One final example of a fifteenth-century travel account in inner Asia reminds us of the importance of trade routes to the north which would continue to be frequented in later centuries. Prior to Afanasii Nikitin's journey to India in 1466-72 there had, of course, been a great deal of Russian travel in inner Asia. Russian princes, including the famous Alexander Nevsky, were required to go all the way to the Mongol court in Karakorum, and Russian craftsmen had been forced by their captives to re-settle there. During the peak of the Golden Horde in the early 14th century, Russians were resident in its capital Sarai on the Volga, and the princes were frequent visitors to the court of the Khan. But none of this left any real travel record. Nikitin, a merchant from Tver, wrote a curious account about the difficulties for a Christian merchant who traveled down the Volga, across the Caspian, and through Muslim Iran to the Persian Gulf and on to India. It seems likely he converted to Islam to save his life and facilitate his trading activity, and he even advised his readers who would wish to trade in Asia to do the same. Nikitin was unusal among his fellow Russians in that he wrote at all and had the curiosity to provide a relatively detailed description of what he witnessed in India. His decision to record his journey may well have been occasioned by his guilty conscience after he had reaffirmed his Orthodox Christianity but still could not get the Muslim prayers out of his head.

     The European "Age of Discovery," which within two decades of Nikitin opened the sea routes to East Asia, often is blamed for the end of the overland "Silk Routes." Indeed much important trade now followed the Cape route, but there is ample evidence that overland routes of local and long-distant commerce continued. Arguably the real pioneers of that travel continued to be the local nomads, merchants and caravaneers who could be counted on to lead the way across the next mountain pass or guide the traveler to the next well and oasis town. To a considerable degree, the written record we have of the overland routes owes its existence to those local experts. Thus the patterns of pre-modern travel in Central Eurasia for religious, commercial and political reasons survived and eventually merged with explorations undertaken for scientific as well as political reasons in modern times.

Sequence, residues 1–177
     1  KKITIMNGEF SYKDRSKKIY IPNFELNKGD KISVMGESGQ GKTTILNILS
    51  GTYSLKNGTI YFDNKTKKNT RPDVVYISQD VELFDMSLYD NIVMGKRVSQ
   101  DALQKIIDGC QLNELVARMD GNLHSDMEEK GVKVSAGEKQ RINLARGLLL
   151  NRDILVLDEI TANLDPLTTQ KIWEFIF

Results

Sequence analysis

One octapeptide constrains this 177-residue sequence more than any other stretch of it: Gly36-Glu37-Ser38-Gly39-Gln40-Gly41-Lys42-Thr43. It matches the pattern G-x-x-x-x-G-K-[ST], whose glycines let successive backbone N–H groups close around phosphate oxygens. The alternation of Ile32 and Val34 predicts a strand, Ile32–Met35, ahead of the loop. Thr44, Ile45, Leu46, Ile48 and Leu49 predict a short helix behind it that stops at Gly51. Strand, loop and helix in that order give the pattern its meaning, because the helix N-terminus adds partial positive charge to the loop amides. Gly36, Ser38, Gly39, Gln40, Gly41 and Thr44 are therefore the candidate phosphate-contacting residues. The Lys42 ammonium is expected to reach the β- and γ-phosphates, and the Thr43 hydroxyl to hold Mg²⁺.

Daniel C. Waugh is Professor Emeritus of History at the University of Washington (Seattle). Trained as a specialist on pre-modern Russia, he currently edits The Silk Road, the journal of the Silkroad Foundation, and increasingly devotes his time to studying the historic exchanges across Eurasia. He has traveled extensively along "the Silk Roads" and for support of such study travel in the Middle East received a Mellon Foundation Emeritus Fellowship in 2010. He is the founding director of the educational Internet project, "Silk Road Seattle" at: . His publications include The History of a Book: Viatka and "Non-Modernity" in the Era of Peter the Great (in Russian), a co-edited volume, Civil Society in Central Asia, and translations of Russian work on the archaeology of Mongolia. You can contact him at and view his website at


1 This essay is a slightly revised version of one written in 2006 for a projected Historical Atlas of Central Eurasia which now has been abandoned. My assignment was to concentrate on the material about overland travel from roughly 1000 to 1500 CE, "Central Eurasia" somewhat loosely encompassing everything from the Middle East into at least Western China. Several maps were to have been drawn for the atlas to accompany the text. I have retained the original focus of the text but added a few references to broaden the coverage of the bibliography.

2 It may seem ironic, given the traditional perception of the Ottoman Turks as somehow having narrower intellectual horizons than their European counterparts in the 16th century, but in fact, as Giancarlo Casale has recently shown, the Turks re-discovered the Arab geographers before Europe did and also acquired good information about parts of East Asia.